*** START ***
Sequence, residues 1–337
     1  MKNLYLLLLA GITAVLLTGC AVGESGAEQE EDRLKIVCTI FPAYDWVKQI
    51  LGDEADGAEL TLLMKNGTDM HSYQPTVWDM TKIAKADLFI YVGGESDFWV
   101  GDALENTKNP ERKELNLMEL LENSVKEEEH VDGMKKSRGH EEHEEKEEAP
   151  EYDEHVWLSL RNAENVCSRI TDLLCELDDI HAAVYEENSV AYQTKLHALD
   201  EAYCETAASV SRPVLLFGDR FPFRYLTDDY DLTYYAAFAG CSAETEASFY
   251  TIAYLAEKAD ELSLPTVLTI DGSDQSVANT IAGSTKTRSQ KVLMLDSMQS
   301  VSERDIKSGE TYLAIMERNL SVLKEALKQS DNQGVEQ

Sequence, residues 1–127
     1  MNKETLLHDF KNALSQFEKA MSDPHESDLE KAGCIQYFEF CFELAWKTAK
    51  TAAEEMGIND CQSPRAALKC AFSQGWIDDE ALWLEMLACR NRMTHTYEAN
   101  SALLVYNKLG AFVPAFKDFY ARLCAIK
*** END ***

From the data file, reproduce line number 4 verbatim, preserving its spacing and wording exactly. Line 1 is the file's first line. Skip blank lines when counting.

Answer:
   101  GDALENTKNP ERKELNLMEL LENSVKEEEH VDGMKKSRGH EEHEEKEEAP